Obviously, it would be highly desirable to have available for fabric laundering uses, particularly in home laundering operations employing automatic washers, detergent compositions which include a bleaching component which would provide more effective bleaching than presently used perborate/detergent compositions provide and over a relatively wide range of temperatures, including room temperatures, and which would minimize the amount of acidic materials added to the detergent composition. The present invention provides such detergent compositions.

SUMMARY OF THE INVENTION The invention of this application provides improved solid laundry detergent compositions comprising an an ionic or a non-ionic detergent, preferably the former, an alkaline builder, preferably of the sodium tripolyphosphate and/0r tetrasodium pyrophosphate type; and from 1.5 to 30, preferably 3 to 15, weight percent of a mixture of a sodium perborate, preferably sodium perborate tetrahydrate, and a water-soluble peroxymonosulfate, preferably the triple salt of potassium peroxymonosulfate with potassium bisulfate and potassium sulfate 0f the formula 2KHSO -KHSO -K SO in which mixture the weight ratio of peroxymonosulfate active oxygen to perborate active oxygen is 1:8 to 1: 1.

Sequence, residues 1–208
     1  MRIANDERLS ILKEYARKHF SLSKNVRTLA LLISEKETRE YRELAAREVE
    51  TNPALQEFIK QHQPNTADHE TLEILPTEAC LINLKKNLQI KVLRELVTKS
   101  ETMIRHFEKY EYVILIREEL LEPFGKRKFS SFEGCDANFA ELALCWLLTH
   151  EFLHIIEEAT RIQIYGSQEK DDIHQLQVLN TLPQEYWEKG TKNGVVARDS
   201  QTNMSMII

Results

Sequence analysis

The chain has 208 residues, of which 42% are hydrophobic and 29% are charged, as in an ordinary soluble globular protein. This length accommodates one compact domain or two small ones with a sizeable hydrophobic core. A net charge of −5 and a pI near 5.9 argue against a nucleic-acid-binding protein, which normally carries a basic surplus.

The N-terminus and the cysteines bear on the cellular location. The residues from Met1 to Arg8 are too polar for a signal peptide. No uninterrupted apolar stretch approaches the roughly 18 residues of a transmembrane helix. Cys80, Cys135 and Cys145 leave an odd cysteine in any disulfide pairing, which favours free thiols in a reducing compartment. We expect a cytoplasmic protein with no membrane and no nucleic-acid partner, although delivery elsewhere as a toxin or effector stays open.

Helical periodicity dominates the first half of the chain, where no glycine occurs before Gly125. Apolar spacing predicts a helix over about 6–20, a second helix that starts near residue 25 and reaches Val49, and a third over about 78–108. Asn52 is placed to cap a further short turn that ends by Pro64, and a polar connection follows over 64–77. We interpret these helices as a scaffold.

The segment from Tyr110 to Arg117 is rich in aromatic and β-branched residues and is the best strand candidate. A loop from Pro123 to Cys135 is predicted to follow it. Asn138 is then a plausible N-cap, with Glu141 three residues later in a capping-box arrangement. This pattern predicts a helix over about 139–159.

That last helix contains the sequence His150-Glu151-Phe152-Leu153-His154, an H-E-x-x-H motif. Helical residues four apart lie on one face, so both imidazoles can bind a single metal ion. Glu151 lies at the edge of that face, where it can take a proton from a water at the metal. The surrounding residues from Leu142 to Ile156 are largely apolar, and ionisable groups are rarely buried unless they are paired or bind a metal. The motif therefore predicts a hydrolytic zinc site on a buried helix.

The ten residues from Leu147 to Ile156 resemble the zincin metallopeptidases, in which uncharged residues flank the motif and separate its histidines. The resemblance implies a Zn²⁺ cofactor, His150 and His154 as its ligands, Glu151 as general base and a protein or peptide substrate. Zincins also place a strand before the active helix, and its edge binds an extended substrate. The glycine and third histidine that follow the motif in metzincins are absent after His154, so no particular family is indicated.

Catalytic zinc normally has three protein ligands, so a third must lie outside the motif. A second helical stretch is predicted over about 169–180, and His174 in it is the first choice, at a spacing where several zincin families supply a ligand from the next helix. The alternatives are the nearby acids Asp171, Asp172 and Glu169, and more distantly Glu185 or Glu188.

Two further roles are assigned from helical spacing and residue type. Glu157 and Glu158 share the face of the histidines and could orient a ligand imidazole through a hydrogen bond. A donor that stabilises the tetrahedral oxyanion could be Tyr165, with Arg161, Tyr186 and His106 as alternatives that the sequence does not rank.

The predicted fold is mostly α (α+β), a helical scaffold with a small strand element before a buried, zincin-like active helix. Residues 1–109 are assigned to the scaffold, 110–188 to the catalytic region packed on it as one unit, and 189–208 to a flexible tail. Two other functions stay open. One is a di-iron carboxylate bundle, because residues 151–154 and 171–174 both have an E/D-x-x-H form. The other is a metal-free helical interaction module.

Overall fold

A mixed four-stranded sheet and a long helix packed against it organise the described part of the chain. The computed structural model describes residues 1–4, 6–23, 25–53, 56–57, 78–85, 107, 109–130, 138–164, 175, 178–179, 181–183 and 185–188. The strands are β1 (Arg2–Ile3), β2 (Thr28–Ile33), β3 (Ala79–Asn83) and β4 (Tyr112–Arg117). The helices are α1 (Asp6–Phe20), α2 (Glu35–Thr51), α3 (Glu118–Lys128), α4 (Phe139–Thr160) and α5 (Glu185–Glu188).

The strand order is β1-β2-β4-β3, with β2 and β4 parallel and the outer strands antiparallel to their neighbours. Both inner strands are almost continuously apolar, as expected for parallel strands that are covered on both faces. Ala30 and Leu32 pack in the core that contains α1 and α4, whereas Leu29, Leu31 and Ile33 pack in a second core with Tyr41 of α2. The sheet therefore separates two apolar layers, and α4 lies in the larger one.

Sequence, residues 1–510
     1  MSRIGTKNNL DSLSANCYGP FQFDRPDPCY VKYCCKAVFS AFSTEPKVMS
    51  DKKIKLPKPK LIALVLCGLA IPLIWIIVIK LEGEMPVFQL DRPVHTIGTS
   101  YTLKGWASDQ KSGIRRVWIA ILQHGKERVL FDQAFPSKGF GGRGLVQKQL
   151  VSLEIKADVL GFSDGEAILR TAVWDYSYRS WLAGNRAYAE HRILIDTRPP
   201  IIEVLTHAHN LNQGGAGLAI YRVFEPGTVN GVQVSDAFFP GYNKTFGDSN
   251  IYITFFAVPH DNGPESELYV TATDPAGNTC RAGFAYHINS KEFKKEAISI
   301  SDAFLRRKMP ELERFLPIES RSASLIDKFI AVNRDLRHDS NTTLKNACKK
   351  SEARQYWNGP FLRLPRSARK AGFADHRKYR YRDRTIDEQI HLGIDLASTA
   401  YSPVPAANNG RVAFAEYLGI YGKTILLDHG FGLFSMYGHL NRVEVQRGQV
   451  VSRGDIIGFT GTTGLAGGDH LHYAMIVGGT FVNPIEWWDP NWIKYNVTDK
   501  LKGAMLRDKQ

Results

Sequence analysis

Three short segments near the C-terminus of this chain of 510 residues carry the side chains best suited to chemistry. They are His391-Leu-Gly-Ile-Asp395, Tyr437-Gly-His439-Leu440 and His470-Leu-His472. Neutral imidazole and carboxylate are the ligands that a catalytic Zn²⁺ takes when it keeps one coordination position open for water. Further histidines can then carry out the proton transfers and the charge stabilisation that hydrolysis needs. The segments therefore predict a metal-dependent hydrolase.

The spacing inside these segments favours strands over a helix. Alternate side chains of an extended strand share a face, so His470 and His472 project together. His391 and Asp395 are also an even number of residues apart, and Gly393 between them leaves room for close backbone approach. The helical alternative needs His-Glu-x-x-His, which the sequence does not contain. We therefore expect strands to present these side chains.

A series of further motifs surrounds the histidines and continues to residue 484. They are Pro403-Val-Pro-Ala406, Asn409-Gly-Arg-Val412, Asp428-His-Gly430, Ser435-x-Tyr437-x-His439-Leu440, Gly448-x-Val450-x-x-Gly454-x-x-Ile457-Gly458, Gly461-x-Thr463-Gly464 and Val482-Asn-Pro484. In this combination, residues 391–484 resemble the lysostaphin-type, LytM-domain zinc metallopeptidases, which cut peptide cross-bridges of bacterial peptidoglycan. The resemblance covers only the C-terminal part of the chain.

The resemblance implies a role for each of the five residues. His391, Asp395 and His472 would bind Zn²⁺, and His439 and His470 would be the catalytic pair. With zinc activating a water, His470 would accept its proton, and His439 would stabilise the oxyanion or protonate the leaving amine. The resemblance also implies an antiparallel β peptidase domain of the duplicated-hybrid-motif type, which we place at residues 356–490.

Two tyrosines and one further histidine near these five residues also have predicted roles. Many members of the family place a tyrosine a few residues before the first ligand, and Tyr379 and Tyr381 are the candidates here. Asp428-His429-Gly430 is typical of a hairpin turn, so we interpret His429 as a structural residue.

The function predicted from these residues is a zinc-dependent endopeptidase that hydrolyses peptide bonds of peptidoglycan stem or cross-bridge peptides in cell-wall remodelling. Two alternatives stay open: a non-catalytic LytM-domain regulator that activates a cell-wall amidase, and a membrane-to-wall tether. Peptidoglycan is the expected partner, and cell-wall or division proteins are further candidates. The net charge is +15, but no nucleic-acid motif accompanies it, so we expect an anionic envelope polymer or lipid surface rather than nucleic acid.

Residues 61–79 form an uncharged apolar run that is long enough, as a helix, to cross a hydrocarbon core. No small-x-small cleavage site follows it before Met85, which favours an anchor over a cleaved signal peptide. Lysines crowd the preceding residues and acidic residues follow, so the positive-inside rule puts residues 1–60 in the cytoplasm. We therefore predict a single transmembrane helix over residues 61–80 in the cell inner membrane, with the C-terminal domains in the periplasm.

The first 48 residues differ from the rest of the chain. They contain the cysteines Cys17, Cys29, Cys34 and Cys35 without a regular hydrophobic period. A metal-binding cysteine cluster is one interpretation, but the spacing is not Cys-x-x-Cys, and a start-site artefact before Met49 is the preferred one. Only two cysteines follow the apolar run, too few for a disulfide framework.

DETAILED DESCRIPTION AND PREFERRED EMBODIMENTS Except for the mixture of sodium perborate and peroxymonosulfate used therein, the solid laundry detergent compositions of the invention will be composed of those materials which are normally incorporated in detergent compositions of this general type. These will include as essentials an organic anionic or non-ionic detergent and a water-soluble alkaline builder.

Any of the anionic detergents commonly employed in formulating solid laundry detergent compositions may be employed in formulating the compositions of the invention. Included are the common water-soluble soaps such as the sodium and potassium salts of the higher fatty acids, e.g., acids derived from tallow, lard, coconut oil and other animal and vegetable oils, and various synthetically produced fatty acids. Preferably, however, the